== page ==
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How Harmful Is A Data Breach For Your Business Morale

A data breach can be defined as an unintentional or intentional release of secured information to an environment that is untrusted. As a business owner, your customers trust you with a variety of personal information, including Social Security numbers, birthdates, and contact information, and if this information gets into the wrong hands, they could become the victims of identity theft and other issues. If your business has become the victim of a security breach, you can certainly expect to experience some costs. It is important to understand how a data breach will negatively impact the morale of your employees so that you can take steps to prevent it.


How Will a Data Breach Affect Employee Morale?


The costs of a data breach in your business are quite extensive, but one of the major areas of impact will be employee morale.


A Data Breach Will Become a Major Distraction


Your employees likely have a lot of work to do in their daily activities, so having to add in additional duties associated with recovery will take away from their normal responsibilities. This can become a major distraction that is extremely time-consuming, and it may lead to an unreasonable workload. The bigger the breach is, then the greater the distraction will be for your employees, and it could potentially continue for months or years.


Employees Will Have to Deal with Upset Customers


If your customer information has been compromised in a data breach, it is no surprise that you’ll have some unhappy clients calling your business to try and get answers. In most cases, lower level employees such as customer service representatives will be in the direct line of fire, taking these calls and communicating directly with the customer. This can lead to an unpleasant work environment for your employees, and unfortunately, this poor morale is difficult to turn around. It may lead to your good employees seeking out new job opportunities elsewhere.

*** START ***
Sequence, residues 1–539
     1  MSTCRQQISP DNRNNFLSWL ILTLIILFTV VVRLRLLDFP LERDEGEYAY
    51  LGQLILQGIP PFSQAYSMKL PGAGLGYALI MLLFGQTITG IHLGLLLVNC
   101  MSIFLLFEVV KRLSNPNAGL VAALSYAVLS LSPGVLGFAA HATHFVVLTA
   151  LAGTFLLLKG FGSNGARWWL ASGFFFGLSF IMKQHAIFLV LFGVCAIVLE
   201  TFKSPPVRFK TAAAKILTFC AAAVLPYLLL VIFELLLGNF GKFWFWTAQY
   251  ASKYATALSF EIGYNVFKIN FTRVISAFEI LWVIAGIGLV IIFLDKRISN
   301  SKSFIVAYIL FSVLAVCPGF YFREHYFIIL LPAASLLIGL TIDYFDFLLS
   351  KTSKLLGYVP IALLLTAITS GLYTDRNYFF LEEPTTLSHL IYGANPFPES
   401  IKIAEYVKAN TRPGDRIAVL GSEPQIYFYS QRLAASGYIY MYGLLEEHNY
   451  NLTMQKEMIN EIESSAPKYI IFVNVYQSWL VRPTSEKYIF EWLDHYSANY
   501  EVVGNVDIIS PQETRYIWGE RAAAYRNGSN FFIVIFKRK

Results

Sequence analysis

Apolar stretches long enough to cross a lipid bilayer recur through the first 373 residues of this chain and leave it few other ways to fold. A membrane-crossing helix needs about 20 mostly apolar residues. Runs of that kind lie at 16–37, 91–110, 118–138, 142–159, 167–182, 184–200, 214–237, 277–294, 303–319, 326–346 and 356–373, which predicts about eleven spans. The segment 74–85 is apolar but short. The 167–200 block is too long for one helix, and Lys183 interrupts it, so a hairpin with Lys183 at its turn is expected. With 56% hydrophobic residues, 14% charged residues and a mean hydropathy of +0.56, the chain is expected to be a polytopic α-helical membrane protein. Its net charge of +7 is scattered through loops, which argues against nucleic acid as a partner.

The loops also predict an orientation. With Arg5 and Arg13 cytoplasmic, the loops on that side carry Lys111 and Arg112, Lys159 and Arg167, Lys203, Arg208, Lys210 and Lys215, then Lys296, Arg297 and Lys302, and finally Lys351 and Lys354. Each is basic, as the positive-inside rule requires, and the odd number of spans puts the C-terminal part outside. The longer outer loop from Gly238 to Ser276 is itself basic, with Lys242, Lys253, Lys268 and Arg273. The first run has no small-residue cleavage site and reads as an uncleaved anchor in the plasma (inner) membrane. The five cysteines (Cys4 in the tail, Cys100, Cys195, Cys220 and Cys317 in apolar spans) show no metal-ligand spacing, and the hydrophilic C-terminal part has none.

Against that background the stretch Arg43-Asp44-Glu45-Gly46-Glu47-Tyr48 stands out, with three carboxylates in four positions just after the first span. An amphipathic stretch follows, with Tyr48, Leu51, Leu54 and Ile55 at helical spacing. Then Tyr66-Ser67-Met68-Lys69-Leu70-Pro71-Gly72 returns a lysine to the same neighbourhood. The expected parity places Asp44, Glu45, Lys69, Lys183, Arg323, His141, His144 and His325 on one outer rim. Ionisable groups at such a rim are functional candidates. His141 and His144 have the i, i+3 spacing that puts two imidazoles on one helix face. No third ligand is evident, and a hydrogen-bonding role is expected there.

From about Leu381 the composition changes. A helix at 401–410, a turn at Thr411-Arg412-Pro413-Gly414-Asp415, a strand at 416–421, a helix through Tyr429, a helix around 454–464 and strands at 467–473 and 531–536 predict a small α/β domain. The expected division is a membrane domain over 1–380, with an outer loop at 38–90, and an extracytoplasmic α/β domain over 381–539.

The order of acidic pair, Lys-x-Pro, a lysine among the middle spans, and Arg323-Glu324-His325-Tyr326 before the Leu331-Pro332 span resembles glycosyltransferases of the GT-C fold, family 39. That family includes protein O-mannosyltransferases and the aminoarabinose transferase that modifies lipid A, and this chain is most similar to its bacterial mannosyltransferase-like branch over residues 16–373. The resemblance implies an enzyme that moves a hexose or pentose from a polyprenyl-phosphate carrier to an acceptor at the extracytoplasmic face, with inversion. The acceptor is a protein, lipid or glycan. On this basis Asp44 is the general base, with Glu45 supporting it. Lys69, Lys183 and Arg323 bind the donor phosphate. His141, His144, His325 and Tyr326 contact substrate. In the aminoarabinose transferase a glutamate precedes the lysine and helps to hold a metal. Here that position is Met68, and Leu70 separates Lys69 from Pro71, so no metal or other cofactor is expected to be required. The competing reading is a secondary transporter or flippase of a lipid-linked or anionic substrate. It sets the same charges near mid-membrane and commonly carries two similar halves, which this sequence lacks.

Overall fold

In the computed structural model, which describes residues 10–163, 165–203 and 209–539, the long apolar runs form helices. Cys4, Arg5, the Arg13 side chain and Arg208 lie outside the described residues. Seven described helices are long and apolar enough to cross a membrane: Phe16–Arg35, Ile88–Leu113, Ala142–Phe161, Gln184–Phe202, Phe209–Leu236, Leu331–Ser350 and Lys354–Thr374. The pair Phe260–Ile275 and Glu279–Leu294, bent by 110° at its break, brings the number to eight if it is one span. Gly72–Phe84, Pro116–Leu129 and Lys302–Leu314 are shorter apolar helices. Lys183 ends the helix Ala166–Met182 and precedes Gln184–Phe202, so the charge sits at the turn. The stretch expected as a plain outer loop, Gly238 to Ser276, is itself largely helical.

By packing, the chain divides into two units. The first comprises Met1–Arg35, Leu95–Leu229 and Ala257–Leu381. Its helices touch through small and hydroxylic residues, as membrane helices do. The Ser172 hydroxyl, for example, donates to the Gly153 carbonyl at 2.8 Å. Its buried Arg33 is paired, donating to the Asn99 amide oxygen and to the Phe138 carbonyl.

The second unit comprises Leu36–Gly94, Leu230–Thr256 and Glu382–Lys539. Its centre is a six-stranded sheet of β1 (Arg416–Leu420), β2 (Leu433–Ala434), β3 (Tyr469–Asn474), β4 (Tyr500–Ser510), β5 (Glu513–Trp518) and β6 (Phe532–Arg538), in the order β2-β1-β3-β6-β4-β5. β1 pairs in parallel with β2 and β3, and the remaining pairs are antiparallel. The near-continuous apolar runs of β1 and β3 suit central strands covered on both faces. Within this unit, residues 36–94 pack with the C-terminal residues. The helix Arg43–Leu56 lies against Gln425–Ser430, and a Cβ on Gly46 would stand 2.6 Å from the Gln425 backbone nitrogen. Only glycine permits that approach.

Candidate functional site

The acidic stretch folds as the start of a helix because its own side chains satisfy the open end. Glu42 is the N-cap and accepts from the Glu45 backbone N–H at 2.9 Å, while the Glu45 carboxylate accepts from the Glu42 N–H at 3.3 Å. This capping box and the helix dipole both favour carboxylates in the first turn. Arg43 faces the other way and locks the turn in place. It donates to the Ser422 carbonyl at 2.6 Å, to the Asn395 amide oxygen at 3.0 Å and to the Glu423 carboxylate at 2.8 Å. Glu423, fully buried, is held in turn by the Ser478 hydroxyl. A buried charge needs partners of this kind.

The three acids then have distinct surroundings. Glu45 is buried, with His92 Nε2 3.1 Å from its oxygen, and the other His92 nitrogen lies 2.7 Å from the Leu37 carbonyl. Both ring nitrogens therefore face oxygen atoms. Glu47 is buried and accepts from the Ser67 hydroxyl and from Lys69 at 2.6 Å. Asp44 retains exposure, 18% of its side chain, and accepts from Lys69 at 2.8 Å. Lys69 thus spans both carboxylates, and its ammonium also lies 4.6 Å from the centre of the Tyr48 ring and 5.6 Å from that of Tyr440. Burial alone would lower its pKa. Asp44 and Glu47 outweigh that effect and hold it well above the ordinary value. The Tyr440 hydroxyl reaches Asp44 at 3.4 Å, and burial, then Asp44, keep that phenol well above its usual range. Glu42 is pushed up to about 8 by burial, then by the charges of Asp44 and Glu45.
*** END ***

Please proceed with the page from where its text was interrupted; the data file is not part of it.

Lost Customers Equals Lost Sales


Customers don’t tend to be very forgiving of businesses that compromise their personal information, even if the scenario isn’t likely to do much harm. However, if you lose something extremely important like a Social Security number, you could potentially lose that customer forever. If your sales staff is paid by commission, this could severely jeopardize the financial livelihood of your employees, and it will likely send them searching for more lucrative career opportunities with other organizations.


What Other Costs Can You Expect?


While employee morale is certainly an important cost for your business, a data breach will be far-reaching and can impact your organization in a variety of ways. There are several other potential costs of a data breach that you should consider:


  • Fines. A data breach can come with federal and state fines, industry fines, and potential financial penalties from credit card processors. These fines can add up quickly to leave you with a hefty bill.
  • Legal costs. After your business has suffered a data breach, one of your first calls should be to your attorney to understand your legal obligations.
  • Public relations. If the data breach is widespread, you may need to hire a public relations firm to try and manage the situation and to do some serious damage control.
  • Business downtime. While dealing with the consequences of your data breach, you could experience significant business downtime, potentially causing operations to come to a halt.  


How Can You Manage a Data Breach to Protect Employee Morale?


In order to protect your business against the numerous costs of a business data breach, including reduced morale, it is important to plan ahead. There are a variety of questions that you should ask yourself when creating your plan for how you will handle a breach, and acting promptly can help to minimize damage to business morale:


  • Do you have a backup energy supply?
  • What options are available for secondary suppliers if needed?
  • How will you contact customers and employees in the event that your company experiences a data breach?
  • Are your employees properly trained in the area of cyber security and information protection?
  • Are your computers, backup data, and servers all secure?
  • What antivirus protection do I have protecting my technology? Antivirus programs like Immunet, Avira and Avast are a good remedy for a data breach and can prevent data from being compromised to begin with.
  • How will you be accessing your insurance documents?


When it comes to a data breach at your business, there is more at stake than just your reputation. A data breach will affect your employees at all levels, and if handled improperly, the situation can lead to low morale and a loss of your workforce. By better understanding these potential costs, you can take the steps needed to prevent and manage them in the future.


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Tags: anti, malware, protection, removal, virus


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